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 25-28 September, 2018 | Singapore
1. Santoro Beer KS, Syring RS, Drobatz, KJ. Evaluation of plasma lactate concentration and base excess at the time of hospital admission as predictors of gastric necrosis and outcome and correlation between those variables in dogs with gastric dilatation-volvulus: 78 cases (2004-2009). Journal of the American Veterinary Medical Association 2013;242(1):54-8.
2. Smart L, Reese S, Hosgood G. Food engorgement in 35 dogs (2009-2013) compared with 36 dogs with gastric dilation and volvulus. The Veterinary Record 2017;181(21):563.
3. Brourman JD, Schertel ER, Allen DA, Birchard SJ, DeHoff WD. Factors associated with perioperative mortality in dogs with surgically managed gastric dilatation-volvulus: 137 cases (1988-1993). Journal of the American Veterinary Medical Association 1996;208(11):1855-8.
4. MacKenzie G, Barnhart M, Kennedy S, DeHoff W, Schertel,E. A retrospective study of factors influencing survival following surgery for gastric dilatation-volvulus syndrome in 306 dogs. Journal of the American Animal Hospital Association 2010;46(2):97-102.
5. Meyer-Lindenberg A, Harder A, Fehr M, LUerssen D, Brunnberg L. Treatment of gastric dilatation-volvulus and a rapid method for prevention of relapse in dogs: 134 cases (1988-1991). Journal of the American Veterinary Medical Association 1993;203(9):1303-7.
6. Eggertsd Ottir AV, Moe L. A retrospective study of conservative treatment of gastric dilatation-volvulus in the dog. Acta Veterinaire Scandinavica 1995;36(2):175-84.
7. Funkquist B. Gastric torsion in the dog: non-surgical reposition. Journal of Small Animal Practice 1969;10:507-11.
Hypothyroidism caused by primary disease at the level of the thyroid is most commonly recognized in dogs. Lymphocytic thyroiditis probably caused by immune- mediated mechanisms is the most common pathologic finding. In these cases, the thyroid gland is infiltrated with lymphocytes, plasma cells, and macrophages, and there is progressive destruction of the follicles. It may need years to have complete destruction of the gland, and that is why hypothyroidism is usually seen in young adults. Clinical signs occur when 75% of the gland is destroyed. There is probably a genetic component of the disease since it appears to be inherited by polygenic mode in colony-raised beagles. Antibodies against the thyroid have been a source of controversy in diagnosing thyroid disease. In some dogs thyroid antibody titers may rise
as antigens are released into the circulation from thyroid gland damage. These may be measured and in some cases may indicate progressive disease. Certain breeds may have increased frequency of circulating antibody. Antibodies against thyroglobulin have been associated with routine vaccination in dogs; however, it is not known whether this is associated with the development of hypothyroid disease.Other less common causes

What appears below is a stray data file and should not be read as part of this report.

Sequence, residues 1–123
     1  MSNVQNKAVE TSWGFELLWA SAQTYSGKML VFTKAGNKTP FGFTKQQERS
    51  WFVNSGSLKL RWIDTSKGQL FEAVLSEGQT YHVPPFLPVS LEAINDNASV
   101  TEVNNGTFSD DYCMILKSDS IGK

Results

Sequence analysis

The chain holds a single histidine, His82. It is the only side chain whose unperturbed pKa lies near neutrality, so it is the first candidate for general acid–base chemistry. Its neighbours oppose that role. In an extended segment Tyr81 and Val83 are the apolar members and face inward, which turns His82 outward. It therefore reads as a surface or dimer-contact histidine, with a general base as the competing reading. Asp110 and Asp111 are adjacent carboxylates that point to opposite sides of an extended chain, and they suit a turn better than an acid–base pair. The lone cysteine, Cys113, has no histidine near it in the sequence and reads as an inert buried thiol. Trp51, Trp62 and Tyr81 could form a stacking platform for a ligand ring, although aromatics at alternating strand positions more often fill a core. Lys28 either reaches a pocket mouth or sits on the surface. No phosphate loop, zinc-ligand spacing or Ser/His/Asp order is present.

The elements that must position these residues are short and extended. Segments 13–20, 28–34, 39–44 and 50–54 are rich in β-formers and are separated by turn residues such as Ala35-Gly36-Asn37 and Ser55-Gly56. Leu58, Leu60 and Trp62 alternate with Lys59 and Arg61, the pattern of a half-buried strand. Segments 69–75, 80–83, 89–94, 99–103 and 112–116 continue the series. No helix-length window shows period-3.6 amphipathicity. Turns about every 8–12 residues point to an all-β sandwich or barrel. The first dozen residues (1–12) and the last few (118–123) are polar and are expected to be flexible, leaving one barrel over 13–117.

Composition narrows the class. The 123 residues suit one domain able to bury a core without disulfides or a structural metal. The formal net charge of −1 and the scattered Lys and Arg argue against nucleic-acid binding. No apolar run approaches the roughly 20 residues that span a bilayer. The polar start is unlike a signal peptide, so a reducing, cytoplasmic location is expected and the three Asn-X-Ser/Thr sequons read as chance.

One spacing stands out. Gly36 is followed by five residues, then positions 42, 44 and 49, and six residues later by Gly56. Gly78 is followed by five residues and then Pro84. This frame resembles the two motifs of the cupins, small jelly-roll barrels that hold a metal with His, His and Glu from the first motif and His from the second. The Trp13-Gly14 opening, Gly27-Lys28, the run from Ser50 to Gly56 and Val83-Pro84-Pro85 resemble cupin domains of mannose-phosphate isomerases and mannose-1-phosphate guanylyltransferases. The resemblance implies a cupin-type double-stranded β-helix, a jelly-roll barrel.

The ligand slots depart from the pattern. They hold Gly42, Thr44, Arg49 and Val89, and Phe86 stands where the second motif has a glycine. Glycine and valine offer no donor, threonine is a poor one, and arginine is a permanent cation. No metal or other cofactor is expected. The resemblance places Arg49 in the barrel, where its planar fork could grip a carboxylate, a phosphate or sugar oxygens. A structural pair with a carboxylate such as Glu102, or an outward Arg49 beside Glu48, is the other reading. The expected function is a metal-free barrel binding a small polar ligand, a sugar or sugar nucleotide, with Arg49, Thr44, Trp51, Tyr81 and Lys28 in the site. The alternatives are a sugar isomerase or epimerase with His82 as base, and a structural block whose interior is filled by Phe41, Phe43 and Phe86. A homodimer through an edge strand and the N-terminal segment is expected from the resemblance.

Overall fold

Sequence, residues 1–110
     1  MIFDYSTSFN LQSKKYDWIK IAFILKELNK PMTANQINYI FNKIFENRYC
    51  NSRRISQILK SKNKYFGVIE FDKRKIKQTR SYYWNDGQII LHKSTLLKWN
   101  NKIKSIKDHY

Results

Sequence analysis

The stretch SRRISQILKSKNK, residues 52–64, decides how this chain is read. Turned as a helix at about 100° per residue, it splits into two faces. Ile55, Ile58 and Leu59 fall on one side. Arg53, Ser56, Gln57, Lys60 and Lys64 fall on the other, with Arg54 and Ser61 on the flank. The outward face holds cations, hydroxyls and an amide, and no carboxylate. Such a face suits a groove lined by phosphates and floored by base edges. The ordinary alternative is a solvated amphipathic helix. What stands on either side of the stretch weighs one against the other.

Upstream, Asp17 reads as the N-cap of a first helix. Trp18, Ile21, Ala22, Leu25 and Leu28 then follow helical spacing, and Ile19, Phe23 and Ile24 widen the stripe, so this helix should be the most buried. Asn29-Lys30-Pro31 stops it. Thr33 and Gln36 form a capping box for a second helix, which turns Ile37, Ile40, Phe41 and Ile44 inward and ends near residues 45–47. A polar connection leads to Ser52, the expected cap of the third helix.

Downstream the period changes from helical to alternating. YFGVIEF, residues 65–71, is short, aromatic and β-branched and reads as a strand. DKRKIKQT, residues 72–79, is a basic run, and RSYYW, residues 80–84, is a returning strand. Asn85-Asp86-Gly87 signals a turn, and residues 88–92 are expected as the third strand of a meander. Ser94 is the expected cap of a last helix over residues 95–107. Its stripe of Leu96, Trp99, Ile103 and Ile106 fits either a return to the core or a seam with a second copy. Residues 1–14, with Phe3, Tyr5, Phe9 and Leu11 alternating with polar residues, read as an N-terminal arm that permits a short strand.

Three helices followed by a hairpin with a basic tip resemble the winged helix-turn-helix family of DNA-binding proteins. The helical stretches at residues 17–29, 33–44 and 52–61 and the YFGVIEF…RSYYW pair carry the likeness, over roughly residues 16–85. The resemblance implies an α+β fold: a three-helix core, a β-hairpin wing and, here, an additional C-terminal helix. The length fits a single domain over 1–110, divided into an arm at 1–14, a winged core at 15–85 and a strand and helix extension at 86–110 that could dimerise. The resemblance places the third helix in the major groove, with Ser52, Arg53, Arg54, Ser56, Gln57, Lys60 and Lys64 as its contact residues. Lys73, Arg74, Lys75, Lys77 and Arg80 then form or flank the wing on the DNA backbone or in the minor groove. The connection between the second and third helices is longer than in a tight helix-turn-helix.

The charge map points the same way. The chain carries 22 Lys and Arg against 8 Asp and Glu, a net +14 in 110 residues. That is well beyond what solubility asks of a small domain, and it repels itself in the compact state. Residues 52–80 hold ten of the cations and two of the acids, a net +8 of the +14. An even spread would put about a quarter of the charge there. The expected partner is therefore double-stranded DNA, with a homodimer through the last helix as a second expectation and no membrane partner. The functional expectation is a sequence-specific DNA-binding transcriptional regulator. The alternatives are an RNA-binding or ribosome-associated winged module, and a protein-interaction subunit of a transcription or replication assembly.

of hypothyroidism include thyroid atrophy that occurs when the thyroid parenchyma is replaced by adipose tissue with no inflammatory cells. This is an idiopathic change or may signal endstage lymphocytic thyroiditis. Neoplastic destruction of thyroid tissue also can result
in hypothyroidism. Congenital thyroid agenesis or dysgenesis may occur rarely. Trimethoprim-sulfadiazine- induced hypothyroidism has been reported as an example of drug-induced disease and has been postulated to directly interfere with thyroid peroxidase activity and thus directly inhibit thyroid hormone synthesis. Secondary disease, with hypopituitarism, is rarely reported.
C. Ward1
1University of Georgia College of Veterinary Medicine, Small Animal Medicine and Surgery, Athens, USA
how I treat hypothyroid dogs
Cynthia R. Ward, VMD, PhD, DACVIM
University of Georgia, College of Veterinary Medicine, Athens, GA, USA
Canine hypothyroidism is the most commonly diagnosed endocrinopathy in the dog. There is a large incidence
of false diagnoses and unnecessary supplementation. This presentation will discuss the difficulty in correctly diagnosing the disease, recognition of clinical signs, and treatment.
  8. Goodrich ZP, Powell LL, Hulting, KJ. Assessment of two methods of gastric decompression for the initial management of gastric dilatation-volvulus. Journal of Small Animal Practice 2013;54:75-9.
9. de Papp ED, Drobatz KJ; Hughes, D. Plasma lactate concentration as a predictor of gastric necrosis and survival among dogs with gastric dilatation- volvulus: 102 cases (1995-1998). Journal of the American Veterinary Medical Association 1999;215(1):49-52.
10. Zachar LB, Berg J, Shaw S, Kudej RK. Association between outcome and changes in plasma lactate concentration during pre-surgical treatment in dogs with gastric dilatation-volvulus: 64 cases (2002-2008). Journal of the American Veterinary Medical Association 2010;236(8):892-7.

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